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Different types of welding require different types of materials and equipment. A common type is gas welding or oxy-fuel welding, wherein you use a combination of oxygen and acetylene as fuels to weld metals. Gas welding was developed by Edmond Fouché and Charles Picard in 1903, and by 1906, it has become one of the standard ways to fabricate metals (1). Since then, acetylene has been known as one of the safest and most effective gas welding fuels.
It’s sometimes called oxy-acetylene welding because it essentially uses a mixture of acetylene and oxygen, which burns anywhere from 3,200 to 3,500 degrees Celsius. These are the highest temperatures for any gas fuel. This efficient process uses pure oxygen, not air (which is only 20% oxygen, 78% nitrogen, and 2% other gases). Pure oxygen causes a complete combustion of acetylene, which yields more heat and allows localized melting of the weld area.
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Why Acetylene is Used for Welding
There are a number of reasons why acetylene is a preferred fuel for gas welding. Perhaps, the most important is its being relatively safe. Process industries prefer safe fuels to anything else. Acetylene’s properties make it a safe gas. It’s lighter than air, so it will not sink to the floor or accumulate in the lowest compartments of a building. This means it’s great for underground welding operations.
Not only is acetylene a safe fuel, but it also produces the hottest flame when it reacts with oxygen. This means it can weld some of the toughest metals in industrial settings. In fact, oxy-acetylene welding is ideal for steel.
Another thing that makes acetylene great for welding is its flexibility. Because it has numerous applications, its use is cost-efficient.
Hazards of Oxy-Acetylene Welding
Anything that releases heat also releases infrared radiation. The hotter the material, the more infrared rays it releases. Exposure to this type of radiation is harmful to your skin and eyes. Nonetheless, workers sometimes don’t wear sufficient eye protection when welding with acetylene. Why is that so?
If you’ve been in the welding business for a while, you would have seen common practices that expose workers to known hazards. Despite knowing the dangers, many workers, especially the older ones, just get on with the task without safety glasses, goggles, or helmets. Guys want to look tough sometimes and sacrifice safety for some careless display of masculinity, and that’s why they suffer from eye injuries and later on succumb to visual impairment.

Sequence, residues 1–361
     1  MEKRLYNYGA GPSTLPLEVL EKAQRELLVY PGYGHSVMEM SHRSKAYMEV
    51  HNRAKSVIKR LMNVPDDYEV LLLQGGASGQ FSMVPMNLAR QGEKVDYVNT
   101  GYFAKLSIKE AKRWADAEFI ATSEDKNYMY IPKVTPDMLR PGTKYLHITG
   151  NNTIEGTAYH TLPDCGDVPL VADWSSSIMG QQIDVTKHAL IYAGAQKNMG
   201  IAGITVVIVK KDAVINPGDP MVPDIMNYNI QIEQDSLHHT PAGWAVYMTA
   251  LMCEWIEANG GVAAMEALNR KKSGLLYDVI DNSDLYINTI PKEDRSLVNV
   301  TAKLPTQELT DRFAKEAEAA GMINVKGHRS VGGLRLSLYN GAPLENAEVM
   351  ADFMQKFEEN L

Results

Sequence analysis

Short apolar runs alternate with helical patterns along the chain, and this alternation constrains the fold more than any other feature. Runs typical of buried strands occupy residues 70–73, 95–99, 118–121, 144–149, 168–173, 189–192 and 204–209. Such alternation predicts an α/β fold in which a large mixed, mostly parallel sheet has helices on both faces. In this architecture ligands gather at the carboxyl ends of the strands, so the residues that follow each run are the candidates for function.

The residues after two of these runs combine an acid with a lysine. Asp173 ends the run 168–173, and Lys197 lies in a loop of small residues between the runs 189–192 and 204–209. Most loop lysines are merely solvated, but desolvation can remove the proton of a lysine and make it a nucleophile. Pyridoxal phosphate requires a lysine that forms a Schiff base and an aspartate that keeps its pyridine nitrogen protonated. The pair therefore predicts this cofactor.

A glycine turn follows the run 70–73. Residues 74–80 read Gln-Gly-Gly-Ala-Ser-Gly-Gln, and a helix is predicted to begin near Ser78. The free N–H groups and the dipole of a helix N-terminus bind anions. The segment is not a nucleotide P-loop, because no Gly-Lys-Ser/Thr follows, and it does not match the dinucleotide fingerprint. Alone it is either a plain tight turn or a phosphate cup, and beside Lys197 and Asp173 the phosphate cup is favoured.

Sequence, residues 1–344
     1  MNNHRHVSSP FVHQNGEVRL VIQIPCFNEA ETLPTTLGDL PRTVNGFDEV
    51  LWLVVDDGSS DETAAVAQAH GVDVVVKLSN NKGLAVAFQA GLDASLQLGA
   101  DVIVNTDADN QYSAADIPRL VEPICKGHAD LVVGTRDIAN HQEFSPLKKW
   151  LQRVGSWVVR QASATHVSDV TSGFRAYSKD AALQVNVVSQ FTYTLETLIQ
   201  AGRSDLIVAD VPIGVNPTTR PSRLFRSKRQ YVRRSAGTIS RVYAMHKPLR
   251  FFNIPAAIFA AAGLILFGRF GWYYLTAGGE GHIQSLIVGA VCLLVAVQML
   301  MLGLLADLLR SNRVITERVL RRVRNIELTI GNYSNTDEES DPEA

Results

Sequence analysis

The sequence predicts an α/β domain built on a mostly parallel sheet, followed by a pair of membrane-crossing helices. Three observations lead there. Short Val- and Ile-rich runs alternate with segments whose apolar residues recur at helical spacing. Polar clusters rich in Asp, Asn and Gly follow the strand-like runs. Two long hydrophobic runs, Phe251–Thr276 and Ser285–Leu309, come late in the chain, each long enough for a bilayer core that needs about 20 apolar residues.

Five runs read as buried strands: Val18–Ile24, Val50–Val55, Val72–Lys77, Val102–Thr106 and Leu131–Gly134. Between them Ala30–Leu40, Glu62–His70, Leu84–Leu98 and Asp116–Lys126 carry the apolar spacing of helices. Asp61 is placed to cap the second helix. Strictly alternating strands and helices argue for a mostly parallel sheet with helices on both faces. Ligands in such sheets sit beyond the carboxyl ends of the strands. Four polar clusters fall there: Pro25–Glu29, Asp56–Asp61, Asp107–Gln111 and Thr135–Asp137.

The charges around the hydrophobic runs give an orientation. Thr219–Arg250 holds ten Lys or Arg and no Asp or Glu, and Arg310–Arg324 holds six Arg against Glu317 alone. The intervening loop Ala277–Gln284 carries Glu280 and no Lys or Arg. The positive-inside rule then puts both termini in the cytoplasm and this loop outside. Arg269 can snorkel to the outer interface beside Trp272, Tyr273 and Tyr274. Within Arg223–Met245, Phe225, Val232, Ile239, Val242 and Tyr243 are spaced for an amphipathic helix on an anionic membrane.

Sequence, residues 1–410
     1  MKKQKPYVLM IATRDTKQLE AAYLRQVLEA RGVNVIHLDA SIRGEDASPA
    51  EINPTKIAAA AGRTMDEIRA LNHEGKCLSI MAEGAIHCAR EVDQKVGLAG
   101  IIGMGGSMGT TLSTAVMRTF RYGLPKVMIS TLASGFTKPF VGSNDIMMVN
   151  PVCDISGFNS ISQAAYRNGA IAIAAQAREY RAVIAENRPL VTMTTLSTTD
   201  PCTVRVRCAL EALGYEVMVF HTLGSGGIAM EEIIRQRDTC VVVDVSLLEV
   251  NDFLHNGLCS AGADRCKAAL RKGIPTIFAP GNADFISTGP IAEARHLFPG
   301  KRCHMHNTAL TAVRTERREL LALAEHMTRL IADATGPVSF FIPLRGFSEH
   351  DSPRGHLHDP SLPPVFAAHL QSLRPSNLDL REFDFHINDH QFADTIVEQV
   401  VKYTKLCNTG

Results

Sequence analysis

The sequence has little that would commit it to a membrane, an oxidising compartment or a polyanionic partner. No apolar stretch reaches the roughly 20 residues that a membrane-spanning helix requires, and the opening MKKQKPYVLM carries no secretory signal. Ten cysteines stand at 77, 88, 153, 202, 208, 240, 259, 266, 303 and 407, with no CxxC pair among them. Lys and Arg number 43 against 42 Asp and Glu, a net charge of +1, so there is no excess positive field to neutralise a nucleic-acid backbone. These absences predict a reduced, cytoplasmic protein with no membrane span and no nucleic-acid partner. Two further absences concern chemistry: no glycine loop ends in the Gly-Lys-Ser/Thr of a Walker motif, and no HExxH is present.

The human eye is not just vulnerable to sharp objects and metal splinters. It’s also defenseless against UV and infrared radiation, two types of harmful radiation released during welding. However, gas welding isn’t the most dangerous activity in a metal fabrication shop. It’s not as hazardous as arc welding, which emits light and heat so immense that you wouldn’t dare do it without safety gear. Even the toughest guy isn’t silly enough to leave his welding helmet.
Compared to arc welding, oxy-acetylene welding isn’t so harsh on the eyes at first. Many technicians will be able to adjust to the heat and light emitted by the flame. This is a false sense of assurance. Just because you don’t feel the damage right away, it doesn’t mean it’s not happening. The insidious radiation causes damage to the structures in the retina little by little. You don’t feel it at first because the sensitive structures in your eyes can repair themselves. But repetitive assault can cause irreversible destruction of these tiny structures in the retina and cause permanent damage.
Aside from causing retinal damage, exposure to UV and IR radiation can also burn and/or irritate the eyes and the skin. UV light can irritate the cornea and cause photokeratitis, sometimes called welder’s flash. Even harsh visible light can cause damage to the cornea and other structures in your eyes. If you survey old folks who have been in this industry for a long time, many of them probably suffer from a range of eye problems, including night blindness and cataracts. Some even suffer from color blindness.
Although you think you can perform oxy-fuel welding without shaded lenses, safety should be one of your priorities. But don’t just wear any filter lens. Welding lenses come in different shades.
Lens Shade for Oxy-Acetylene Welding
In many cases, shade 5 glasses should offer sufficient protection against intense light and heat. However, the range can be anywhere from shade 4 to shade 6, depending on what you’re working on. For light gas welding, you need a shade 4 lens. For heavy gas welding, you need a shade 6 lens. However, you may find that these are either too light or too dark for you. So you may want to choose the darkest shade that allows you to see what you’re working on. If you’re unsure, start with a shade so dark that you can’t see the weld area. Then work your way to the lighter shades until you find one that allows you to see the weld area.
In addition, acetylene burns with a strong yellow light, so a filter lens that absorbs yellow light is highly recommended.
Oxy-acetylene welding isn’t the most hazardous type of metal fabrication, but it’s still dangerous when done without protective gear. Welders should wear eye protection to spare their corneas and retinas from damaging radiation and prevent visual impairment down the road. Depending on the type of oxy-fuel welding you’re doing, you may need a shade 4, 5, or 6 lens.